Apple Watch flags multiple types of irregular heartbeats, study shows


People who get irregular pulse notifications on an Apple Watch but don’t have atrial fibrillation — the condition the feature focuses on detecting — could still have another type of problem with their heartbeat, according to a new study.

The findings show that even if someone with a concerning alert from their Apple Watch doesn’t get an atrial fibrillation diagnosis, they may not be in the clear, says study author Marco Perez, the director of the Inherited Arrhythmia Clinic at Stanford University Medical Center. “Even if you didn’t find atrial fibrillation, we were finding a lot of people who had something else that probably needed some clinical attention,” he says.

The analysis, published in the journal Circulation, was done using data from the Apple Heart Study, which was designed to test the Apple Watch’s ability to detect irregular heart rhythms. It launched in 2017 and included over 400,000 participants. In the study, anyone who got an irregular pulse notification from the watch was sent a clinical ECG patch, which could monitor their heart rhythm over a longer period of time. About 2,000 participants got an irregular pulse notification, and an earlier analysis showed that around a third of those people who then wore an ECG patch had atrial fibrillation show up during that monitoring period.

This new study looked at the ECG patch data from the remaining participants that didn’t have atrial fibrillation detected. “If we didn’t find atrial fibrillation — what did we find?” Perez says. Around 40 percent of those people had some other type of irregular pulse, including premature atrial contractions (extra heartbeats coming from the top of the heart) and premature ventricular contractions (extra heartbeats from the bottom of the heart). “They had a lot of these extra heartbeats,” he says. “Those are things that we pay attention to.”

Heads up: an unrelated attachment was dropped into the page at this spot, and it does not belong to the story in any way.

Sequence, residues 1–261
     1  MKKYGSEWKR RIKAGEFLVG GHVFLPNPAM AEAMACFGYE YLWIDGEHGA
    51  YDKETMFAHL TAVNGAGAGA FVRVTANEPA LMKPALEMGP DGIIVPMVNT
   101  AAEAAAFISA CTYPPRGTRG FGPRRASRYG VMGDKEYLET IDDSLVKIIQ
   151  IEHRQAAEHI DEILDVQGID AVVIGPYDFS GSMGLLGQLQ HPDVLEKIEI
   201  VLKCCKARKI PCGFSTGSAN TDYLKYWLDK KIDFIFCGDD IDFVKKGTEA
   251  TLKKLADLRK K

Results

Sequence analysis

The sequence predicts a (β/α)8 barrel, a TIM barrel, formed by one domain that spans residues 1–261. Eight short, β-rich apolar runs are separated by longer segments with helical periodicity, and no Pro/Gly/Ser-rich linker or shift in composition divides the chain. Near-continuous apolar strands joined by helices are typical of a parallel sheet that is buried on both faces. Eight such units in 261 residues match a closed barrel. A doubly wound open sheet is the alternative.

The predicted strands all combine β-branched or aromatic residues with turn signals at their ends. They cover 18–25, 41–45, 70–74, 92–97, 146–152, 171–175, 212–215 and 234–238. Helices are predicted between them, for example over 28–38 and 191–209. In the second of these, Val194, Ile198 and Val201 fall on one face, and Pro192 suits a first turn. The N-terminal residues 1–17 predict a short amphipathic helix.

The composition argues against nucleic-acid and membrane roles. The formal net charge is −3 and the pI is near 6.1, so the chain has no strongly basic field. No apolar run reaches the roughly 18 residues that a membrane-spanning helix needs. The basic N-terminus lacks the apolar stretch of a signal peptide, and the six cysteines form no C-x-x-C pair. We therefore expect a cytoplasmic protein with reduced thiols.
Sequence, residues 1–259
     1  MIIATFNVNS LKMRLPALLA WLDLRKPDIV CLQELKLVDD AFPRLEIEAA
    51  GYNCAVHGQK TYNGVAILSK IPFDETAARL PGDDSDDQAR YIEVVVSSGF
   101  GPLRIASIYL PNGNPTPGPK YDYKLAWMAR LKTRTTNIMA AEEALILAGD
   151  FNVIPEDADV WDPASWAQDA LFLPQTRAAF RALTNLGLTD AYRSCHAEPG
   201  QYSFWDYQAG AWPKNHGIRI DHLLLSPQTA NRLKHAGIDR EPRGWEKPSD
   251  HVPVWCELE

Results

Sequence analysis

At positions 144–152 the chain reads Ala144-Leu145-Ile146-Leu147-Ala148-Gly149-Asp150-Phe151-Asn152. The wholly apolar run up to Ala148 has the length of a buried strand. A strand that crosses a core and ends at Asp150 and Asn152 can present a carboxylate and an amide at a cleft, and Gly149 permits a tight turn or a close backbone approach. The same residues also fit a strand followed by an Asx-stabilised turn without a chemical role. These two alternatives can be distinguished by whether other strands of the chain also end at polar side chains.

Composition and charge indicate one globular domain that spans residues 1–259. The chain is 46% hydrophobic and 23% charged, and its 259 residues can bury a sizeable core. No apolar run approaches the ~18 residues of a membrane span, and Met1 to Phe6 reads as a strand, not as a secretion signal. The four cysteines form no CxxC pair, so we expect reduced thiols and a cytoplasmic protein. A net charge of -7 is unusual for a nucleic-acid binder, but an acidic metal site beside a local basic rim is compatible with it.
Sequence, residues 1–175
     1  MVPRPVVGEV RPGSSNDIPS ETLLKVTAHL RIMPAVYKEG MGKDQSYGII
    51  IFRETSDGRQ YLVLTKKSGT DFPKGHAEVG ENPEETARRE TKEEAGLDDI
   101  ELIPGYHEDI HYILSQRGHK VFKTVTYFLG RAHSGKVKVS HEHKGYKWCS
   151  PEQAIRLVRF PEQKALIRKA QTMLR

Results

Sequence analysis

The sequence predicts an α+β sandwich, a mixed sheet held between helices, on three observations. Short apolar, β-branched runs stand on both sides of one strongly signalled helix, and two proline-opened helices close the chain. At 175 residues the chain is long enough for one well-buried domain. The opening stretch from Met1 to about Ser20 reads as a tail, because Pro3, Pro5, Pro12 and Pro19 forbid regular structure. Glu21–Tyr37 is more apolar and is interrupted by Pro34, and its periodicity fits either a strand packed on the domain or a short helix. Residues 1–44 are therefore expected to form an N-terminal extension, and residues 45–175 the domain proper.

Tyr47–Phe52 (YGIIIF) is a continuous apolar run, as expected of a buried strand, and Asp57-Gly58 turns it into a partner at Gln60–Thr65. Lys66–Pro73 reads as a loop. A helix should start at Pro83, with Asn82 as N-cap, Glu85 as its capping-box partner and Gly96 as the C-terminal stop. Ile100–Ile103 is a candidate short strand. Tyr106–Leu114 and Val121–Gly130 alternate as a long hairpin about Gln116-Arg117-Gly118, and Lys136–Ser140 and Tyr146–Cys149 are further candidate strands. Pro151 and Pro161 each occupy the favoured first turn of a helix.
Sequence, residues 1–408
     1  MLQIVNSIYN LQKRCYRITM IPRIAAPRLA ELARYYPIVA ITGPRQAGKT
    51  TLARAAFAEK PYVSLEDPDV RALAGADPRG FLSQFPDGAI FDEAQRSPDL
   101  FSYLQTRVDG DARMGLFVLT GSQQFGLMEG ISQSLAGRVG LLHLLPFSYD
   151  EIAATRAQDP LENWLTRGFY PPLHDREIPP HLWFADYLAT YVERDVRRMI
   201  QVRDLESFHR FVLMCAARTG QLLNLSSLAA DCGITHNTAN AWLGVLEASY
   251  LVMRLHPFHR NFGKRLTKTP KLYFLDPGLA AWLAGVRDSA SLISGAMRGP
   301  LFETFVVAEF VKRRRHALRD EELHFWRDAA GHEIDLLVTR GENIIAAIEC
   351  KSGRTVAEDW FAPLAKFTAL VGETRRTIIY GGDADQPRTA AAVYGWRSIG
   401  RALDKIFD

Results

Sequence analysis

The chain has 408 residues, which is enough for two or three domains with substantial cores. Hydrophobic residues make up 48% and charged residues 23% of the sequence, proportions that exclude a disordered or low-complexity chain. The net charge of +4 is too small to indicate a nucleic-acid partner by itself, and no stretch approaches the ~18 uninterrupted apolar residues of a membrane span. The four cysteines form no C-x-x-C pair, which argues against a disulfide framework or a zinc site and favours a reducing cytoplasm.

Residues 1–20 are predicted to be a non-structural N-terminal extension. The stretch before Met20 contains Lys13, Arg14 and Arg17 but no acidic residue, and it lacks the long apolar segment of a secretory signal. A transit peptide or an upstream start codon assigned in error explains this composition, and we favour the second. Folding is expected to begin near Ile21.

Cardiologists still don’t have a good grasp on how dangerous those types of frequent extra heartbeats can be, and often don’t agree on how or if they should be treated, Perez says. They’ve been linked to the development of atrial fibrillation and heart failure, but there isn’t a clear understanding of the best way to manage them.

The study also showed that almost a third of study participants who did not have atrial fibrillation detected on the ECG patch said that they eventually went on to get the condition diagnosed outside of the study. So even if someone doesn’t get a diagnosis on an initial evaluation, it may make sense to keep an eye on them going forward. “We probably have to start thinking about the best strategy for following those patients over time,” Perez says.

Right now, there’s a wide range of responses to these types of alerts. If someone tells a cardiologist that they had an irregular pulse notification, the doctor might do a quick, 10-second check on an ECG in the office. Other doctors might send them home with a patch for a week. Still others, if there are other factors that make them suspicious, might want to do longer-term monitoring. The technology is still new and the approach is still evolving, Perez says.

Additional research will help refine the approach. But for now, this study implies that people who get irregular pulse warnings should keep an eye on their heart health, Perez says. “There might very well be something that is going on that could cause you to have an irregular pulse, and could be a sign of something wrong with your heart.”


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